jlink
Sunday, December 16, 2018

Since our editorial last week, much has been said about the issues confronting our young people and the steps their families and our local yeshivot are, or should be, taking to navigate these increasingly tough situations involving drugs, alcohol or other substances. When a child is involved in a situation outside of school, is the school within its rights to get involved? Should the school punish the student? Is this the responsibility of the parents? What if the situation involves another student who is threatened by another outside of school? Whose job is it then?

If each of our schools has its own brand and its own rules, how can rules or standards be consistently applied? Have, as Rabbi Pruzansky writes on the opposite page, the schools failed us by responding to the “great variety of offenders under their dominion in inconsistent ways”?

Can even discussing these incidents be a mistake, as it could lead to damaging lashon hara about the children who have been punished in recent months? Do we, perhaps, as a community, not know the whole stories about these expulsions? We know these incidents have not truly happened with a “great variety of offenders,” and actual expulsions have been rare and the recent ones can be counted virtually on one hand. We are also aware of general advice from school principals to students to not share details of their expulsions so as not to hurt their chances of another school taking them in.

Are these “youthful indiscretions”—from which our children will learn and grow beyond? And how can the reactions of school administrators and parents ultimately help them emerge as productive members of our community? What type of support must we provide to help our children along that path, rather than down the slippery slope that may result from these children “living down” to perceived expectations? How can we raise our expectations of them while also providing strong discipline?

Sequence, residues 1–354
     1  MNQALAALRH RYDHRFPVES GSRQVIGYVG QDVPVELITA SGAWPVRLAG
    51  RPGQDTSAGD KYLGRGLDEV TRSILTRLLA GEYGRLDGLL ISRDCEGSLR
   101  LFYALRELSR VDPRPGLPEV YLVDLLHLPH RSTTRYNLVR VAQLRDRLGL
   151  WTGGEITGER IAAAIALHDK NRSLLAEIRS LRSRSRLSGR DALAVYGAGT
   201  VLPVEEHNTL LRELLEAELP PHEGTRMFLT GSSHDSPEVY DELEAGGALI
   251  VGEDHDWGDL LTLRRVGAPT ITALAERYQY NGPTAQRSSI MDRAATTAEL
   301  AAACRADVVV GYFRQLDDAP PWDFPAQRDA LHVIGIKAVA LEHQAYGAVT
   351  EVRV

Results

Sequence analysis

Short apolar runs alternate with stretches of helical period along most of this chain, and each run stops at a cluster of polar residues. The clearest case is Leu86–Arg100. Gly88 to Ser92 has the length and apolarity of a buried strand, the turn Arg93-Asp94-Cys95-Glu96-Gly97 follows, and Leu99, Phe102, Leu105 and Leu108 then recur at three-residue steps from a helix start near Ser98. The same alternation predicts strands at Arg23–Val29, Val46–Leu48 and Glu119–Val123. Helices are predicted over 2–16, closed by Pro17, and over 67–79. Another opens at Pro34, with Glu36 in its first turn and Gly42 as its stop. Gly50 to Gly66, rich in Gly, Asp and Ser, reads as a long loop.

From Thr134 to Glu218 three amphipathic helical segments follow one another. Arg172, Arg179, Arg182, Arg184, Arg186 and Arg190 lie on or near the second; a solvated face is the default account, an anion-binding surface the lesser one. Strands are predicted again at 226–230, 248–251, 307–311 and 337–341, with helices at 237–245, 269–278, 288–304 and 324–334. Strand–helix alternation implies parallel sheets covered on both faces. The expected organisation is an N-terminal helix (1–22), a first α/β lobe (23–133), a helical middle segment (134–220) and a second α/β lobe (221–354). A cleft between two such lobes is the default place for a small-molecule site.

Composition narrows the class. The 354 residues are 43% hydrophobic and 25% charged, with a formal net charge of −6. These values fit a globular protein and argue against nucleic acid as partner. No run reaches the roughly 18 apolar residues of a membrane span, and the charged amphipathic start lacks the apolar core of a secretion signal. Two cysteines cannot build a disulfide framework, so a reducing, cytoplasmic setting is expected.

If, as Rabbi Rothwachs points out (on page 11), many of our children may not yet be equipped with a fully developed cerebral cortex to make consistently wise decisions in unplanned situations involving alcohol or drugs, then it stands to reason that we are seeing an uptick in this kind of behavior because kids today are just growing up faster than in previous (dial-up internet or even no internet) generations.

It is almost impossible to have rules be consistently applied if the underlying halacha is not agreed upon. What if the halacha of “not giving up on our kids,” as described by Rabbi Pruzansky, has already been applied, in spades?

We know that the hearts of our school administrators are in the right places, and they have been bearing the brunt of the publicity surrounding these issues. We know these school heads do not “give up on their kids.” We also know it is very easy to express opinions on the broad topics of parenting or discipline when we are unaware of a large majority of the details.

We are not social workers, psychologists or school heads. Though we are the editors of this paper, in this case we write as concerned parents and community members. We believe it is perhaps not within our purview to draw conclusions here, though we know there is strong interest from our community on finding a solution.  We want this conversation to be l’shem shamayim (for the sake of heaven). Perhaps we merely need to begin the conversation and ask our community to keep that in mind and refrain from lashon hara when discussing these topics. We seek your thoughts and suggestions. Please email us at [email protected].